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Jimmy and Rosalynn Carter pose in face masks and call on the public to save lives

(CNN) Former President Jimmy Carter and former first lady Rosalynn Carter on Saturday urged the American people to "please wear a mask to save lives" as the country continues to battle the deadly coronavirus.

The couple's Atlanta-based charity, the Carter Center, posted a photo on Twitter Saturday of the pair wearing white masks printed with the center's logo. The picture was paired with the straightforward plea.

Masks have become a political flash point as some Americans argue the requirement infringes upon their civil liberties. But the US Centers for Disease Control and Prevention urges everyone to wear a "cloth face cover when they have to go out in public," noting that masks are critical "in case the wearer is unknowingly infected but does not have symptoms."

The Carters' message follows Atlanta Mayor Keisha Lance Bottoms' Friday announcement that the city is rolling back its reopening to Phase 1 and will mandate face coverings. The decision left her at odds with Georgia Republican Gov. Brian Kemp.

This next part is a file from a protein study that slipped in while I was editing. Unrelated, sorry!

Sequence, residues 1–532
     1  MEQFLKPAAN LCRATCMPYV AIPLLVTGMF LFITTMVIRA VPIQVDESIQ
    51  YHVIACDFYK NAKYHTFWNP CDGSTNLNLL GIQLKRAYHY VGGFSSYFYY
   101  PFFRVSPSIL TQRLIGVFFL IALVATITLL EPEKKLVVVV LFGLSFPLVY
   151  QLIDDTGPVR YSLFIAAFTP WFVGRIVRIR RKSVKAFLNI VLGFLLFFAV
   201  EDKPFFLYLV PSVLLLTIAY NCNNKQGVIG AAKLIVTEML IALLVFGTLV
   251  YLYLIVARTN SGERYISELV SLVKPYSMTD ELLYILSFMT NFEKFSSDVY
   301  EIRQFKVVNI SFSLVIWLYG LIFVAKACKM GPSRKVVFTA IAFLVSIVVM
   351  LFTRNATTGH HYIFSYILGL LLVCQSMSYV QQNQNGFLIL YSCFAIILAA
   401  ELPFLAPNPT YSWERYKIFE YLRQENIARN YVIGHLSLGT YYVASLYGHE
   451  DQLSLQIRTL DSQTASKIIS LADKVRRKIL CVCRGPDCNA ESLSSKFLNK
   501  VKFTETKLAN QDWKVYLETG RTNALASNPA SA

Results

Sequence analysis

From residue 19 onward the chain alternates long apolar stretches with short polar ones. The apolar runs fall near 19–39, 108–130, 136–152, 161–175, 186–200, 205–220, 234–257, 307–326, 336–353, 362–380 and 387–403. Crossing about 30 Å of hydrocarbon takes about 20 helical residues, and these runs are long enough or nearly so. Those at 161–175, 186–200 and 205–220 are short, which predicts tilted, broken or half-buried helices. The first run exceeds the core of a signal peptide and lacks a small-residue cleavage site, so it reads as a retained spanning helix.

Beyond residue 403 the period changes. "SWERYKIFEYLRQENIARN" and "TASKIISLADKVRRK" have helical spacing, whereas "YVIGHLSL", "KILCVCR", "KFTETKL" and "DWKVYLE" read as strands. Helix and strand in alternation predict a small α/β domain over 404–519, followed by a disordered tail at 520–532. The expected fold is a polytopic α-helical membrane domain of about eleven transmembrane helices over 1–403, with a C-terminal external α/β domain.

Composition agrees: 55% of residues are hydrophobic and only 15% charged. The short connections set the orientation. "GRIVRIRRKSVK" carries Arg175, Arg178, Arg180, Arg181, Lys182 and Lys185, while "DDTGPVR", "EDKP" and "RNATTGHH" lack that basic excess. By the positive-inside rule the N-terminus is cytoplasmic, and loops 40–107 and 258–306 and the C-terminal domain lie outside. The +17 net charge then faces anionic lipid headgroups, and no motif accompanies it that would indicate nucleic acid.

Cases have recently raged across the South, and Georgia added a record 4,484 new coronavirus case reports in one day, according to the state's department of public health on Friday.

President Donald Trump has so far refused to wear a mask in public and done little to encourage his supporters to embrace the public health measure. He has, however, said he will wear a mask during a visit to Walter Reed National Medical Center on Saturday.

Carter, a Democrat, has before appealed to the public to do its part during the pandemic. In March, the former president asked donors to "forgo (their) next gift" to the Carter Center and instead support local groups working to ease the "suffering caused" by the pandemic.

The Carters established the Carter Center in 1982 in Atlanta, with initiatives that include fighting diseases in developing countries. One of the key accomplishments of the Carter Center is the near-eradication of Guinea worm disease from an estimated 3.5 million cases in 1986 to 54 provisional cases in 2019.